Scientists trial using smartphones for fundus imaging in India

Researchers took smartphone retinal images of 193 diabetes patients to investigate the potential of the technology for screening

woman looking at phone
Getty/triloks
New research published in Ophthalmology has explored the potential of smartphone technology for diabetic eye disease screening in India.

Ophthalmic assistants at Sankara Eye Hospital in Bangalore took retinal images of 381 eyes in 193 patients.

Four different approaches to smartphone-based fundus imaging were used, with three approaches based on direct ophthalmoscopy and one approach using indirect ophthalmoscopy.

The image quality, field of view, examination time and diagnostic accuracy for diabetic retinopathy screening were compared to traditional fundus photography and clinical examination by researchers from University of Bonn and Sankara Eye Hospital.

Researchers found that smartphone-based fundus imaging using indirect ophthalmoscopy produced the best image quality and field of view.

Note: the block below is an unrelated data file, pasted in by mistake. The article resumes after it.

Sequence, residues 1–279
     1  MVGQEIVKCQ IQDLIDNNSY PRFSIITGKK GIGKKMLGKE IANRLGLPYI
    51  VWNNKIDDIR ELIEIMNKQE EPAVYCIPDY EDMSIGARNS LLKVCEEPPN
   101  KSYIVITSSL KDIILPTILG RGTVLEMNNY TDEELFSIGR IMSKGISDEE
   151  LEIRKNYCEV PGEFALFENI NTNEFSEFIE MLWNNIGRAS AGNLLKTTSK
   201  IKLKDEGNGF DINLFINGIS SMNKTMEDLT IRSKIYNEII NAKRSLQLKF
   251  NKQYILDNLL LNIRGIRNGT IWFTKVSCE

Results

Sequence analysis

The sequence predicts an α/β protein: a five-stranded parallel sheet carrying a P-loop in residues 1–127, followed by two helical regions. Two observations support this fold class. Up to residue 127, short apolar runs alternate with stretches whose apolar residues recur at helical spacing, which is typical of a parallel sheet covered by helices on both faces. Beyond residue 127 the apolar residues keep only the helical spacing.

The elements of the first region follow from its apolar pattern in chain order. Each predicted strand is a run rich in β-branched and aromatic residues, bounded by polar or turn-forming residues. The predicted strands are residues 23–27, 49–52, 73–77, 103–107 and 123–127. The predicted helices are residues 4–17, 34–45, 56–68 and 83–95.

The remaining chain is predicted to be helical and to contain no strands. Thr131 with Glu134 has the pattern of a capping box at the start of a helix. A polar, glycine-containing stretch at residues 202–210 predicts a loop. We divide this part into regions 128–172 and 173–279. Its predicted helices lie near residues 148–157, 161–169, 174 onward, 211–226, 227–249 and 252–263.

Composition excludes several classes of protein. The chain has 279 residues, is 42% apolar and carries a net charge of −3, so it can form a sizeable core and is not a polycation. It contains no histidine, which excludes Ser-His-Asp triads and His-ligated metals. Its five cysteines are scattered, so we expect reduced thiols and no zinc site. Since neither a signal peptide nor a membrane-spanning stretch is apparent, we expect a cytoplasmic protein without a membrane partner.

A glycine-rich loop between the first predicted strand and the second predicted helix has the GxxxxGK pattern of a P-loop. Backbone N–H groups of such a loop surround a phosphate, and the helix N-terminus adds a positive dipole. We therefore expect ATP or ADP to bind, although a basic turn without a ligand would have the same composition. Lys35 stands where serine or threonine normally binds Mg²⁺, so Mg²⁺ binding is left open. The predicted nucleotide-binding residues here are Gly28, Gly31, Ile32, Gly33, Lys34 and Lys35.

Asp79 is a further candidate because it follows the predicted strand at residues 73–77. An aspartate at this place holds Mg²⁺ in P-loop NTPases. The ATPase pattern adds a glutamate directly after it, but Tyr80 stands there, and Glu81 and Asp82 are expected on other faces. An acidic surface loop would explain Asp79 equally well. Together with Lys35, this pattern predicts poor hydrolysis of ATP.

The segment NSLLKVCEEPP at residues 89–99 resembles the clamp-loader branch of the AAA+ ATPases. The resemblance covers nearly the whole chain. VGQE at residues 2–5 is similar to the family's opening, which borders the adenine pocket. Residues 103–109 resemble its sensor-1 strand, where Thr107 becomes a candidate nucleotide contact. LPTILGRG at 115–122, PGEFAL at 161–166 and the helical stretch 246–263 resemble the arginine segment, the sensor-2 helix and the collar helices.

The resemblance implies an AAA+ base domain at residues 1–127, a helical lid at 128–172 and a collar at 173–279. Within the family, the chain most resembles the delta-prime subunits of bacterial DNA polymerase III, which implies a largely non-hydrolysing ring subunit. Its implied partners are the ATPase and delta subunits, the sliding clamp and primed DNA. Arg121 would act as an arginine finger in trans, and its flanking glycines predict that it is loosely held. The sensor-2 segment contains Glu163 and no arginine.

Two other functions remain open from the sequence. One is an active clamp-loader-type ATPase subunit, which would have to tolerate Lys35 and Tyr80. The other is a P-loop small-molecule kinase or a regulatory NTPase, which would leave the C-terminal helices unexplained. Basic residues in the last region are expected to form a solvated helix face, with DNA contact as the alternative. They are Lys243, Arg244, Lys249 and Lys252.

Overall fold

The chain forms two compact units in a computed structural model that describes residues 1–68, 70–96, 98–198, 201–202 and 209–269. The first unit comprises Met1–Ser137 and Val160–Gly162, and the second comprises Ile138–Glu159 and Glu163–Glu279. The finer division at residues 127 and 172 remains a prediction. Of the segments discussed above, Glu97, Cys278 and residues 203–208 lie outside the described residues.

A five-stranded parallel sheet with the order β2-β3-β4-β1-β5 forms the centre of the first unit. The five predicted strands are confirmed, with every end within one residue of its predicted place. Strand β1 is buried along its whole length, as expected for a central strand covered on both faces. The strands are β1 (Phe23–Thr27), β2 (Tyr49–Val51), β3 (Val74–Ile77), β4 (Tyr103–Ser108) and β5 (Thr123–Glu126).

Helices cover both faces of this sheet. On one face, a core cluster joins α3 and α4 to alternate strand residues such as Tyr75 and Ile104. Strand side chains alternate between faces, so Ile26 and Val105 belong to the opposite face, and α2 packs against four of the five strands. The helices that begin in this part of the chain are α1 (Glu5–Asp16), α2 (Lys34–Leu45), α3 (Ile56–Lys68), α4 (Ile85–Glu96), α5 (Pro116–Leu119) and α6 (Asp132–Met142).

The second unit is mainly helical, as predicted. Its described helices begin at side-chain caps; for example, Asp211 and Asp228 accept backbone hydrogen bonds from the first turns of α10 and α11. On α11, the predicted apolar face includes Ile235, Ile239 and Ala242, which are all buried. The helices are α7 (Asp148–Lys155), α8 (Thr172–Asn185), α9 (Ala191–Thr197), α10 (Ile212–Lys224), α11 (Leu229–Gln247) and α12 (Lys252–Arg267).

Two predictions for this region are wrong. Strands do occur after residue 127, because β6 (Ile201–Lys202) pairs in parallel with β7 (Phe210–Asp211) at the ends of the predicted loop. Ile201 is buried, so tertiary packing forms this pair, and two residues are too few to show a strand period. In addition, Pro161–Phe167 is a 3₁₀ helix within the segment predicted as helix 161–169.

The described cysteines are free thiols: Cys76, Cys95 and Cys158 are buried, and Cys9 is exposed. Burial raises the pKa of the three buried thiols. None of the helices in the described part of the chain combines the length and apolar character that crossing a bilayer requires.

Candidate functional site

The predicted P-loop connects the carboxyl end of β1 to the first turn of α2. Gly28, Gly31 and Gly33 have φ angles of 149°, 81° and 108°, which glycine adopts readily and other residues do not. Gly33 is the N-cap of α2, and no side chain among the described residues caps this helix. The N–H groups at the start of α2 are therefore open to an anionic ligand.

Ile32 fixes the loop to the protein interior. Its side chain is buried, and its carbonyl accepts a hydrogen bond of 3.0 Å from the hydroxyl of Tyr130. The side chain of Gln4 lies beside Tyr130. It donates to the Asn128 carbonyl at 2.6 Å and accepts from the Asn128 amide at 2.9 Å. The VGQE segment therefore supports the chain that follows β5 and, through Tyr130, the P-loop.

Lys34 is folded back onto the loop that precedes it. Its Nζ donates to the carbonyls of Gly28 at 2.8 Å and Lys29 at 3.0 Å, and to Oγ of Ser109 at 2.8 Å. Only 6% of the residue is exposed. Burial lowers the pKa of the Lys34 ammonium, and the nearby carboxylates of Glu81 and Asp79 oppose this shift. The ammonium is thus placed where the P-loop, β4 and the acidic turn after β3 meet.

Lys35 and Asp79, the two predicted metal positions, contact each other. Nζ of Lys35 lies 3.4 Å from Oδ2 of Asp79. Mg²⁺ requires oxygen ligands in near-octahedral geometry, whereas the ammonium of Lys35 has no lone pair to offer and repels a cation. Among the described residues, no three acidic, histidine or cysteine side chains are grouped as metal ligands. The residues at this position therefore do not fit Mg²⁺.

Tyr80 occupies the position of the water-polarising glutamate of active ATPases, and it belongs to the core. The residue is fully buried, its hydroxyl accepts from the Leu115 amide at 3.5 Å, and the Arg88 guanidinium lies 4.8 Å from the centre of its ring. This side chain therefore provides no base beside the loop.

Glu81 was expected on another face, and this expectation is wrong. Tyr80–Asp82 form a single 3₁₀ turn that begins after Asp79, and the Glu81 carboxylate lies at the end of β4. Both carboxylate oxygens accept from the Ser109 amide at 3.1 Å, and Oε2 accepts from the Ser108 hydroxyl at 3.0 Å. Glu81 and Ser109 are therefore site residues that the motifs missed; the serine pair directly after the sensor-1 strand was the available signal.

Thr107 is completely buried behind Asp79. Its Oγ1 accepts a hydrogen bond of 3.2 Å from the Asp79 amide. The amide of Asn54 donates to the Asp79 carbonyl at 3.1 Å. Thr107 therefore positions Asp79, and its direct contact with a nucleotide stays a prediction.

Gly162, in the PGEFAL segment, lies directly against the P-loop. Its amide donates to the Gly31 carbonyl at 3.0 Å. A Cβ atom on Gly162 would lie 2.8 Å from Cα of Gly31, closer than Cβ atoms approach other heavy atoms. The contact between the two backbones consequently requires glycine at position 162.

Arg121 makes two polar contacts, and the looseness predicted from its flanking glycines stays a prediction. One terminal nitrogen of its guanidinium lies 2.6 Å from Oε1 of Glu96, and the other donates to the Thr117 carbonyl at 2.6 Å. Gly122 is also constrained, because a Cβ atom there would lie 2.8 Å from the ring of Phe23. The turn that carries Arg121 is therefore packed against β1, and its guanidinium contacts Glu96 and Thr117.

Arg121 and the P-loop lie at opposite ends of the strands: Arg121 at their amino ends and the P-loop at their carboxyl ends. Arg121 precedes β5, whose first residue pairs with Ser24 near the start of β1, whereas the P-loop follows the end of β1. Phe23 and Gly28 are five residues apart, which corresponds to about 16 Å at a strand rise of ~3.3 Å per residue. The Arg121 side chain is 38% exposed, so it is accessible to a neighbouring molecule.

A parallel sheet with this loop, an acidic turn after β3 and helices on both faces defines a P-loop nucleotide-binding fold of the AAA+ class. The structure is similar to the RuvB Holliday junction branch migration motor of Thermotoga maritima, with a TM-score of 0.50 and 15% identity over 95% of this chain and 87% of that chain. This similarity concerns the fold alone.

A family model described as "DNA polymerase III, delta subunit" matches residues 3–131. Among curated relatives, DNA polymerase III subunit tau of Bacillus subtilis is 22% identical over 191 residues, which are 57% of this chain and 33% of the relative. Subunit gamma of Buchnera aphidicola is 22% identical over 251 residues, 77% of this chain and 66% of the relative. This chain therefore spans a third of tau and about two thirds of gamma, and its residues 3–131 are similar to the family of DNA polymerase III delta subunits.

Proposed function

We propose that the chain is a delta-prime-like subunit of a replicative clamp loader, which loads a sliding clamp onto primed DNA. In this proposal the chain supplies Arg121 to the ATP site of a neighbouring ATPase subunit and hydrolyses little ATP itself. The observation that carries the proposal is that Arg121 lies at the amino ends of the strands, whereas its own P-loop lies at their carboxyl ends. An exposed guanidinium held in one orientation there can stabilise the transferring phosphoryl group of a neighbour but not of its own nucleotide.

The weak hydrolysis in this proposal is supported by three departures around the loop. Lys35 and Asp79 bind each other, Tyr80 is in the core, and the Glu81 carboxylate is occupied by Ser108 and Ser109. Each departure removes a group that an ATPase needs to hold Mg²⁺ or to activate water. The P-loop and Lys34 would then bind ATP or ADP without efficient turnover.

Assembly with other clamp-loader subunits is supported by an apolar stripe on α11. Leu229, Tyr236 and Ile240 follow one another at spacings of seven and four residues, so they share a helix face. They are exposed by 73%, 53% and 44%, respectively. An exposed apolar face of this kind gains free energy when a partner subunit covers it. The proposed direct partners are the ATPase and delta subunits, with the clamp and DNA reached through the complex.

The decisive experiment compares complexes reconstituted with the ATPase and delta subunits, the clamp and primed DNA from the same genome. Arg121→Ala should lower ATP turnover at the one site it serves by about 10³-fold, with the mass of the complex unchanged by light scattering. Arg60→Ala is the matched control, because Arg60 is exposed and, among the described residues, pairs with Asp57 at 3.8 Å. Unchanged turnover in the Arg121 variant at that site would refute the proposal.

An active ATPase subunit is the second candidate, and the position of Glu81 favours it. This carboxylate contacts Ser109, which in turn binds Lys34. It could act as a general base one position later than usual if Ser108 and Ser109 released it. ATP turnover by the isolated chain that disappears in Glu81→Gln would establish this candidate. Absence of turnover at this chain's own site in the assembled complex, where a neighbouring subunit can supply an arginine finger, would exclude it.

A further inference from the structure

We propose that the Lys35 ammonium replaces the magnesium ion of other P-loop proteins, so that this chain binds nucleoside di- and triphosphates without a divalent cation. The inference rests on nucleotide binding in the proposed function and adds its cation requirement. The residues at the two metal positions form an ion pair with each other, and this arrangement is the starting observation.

Indirect ophthalmoscopy using smartphone technology also performed best when compared to the reference standard for diabetic retinopathy screening.

The authors concluded that smartphone-based fundus imaging can meet diabetic retinopathy screening requirements in an outreach setting, but not all devices are suitable in terms of image quality and diagnostic accuracy.

The best results were achieved by using an adapter with an additional lens attached to a mid-range smartphone.

Dr. Maximilian Wintergerst, from the University Hospital Bonn, highlighted: "It allowed almost 80 percent of eyes with any retinal changes to be detected, even in the early stages. Advanced damage could even be diagnosed 100 percent of the time."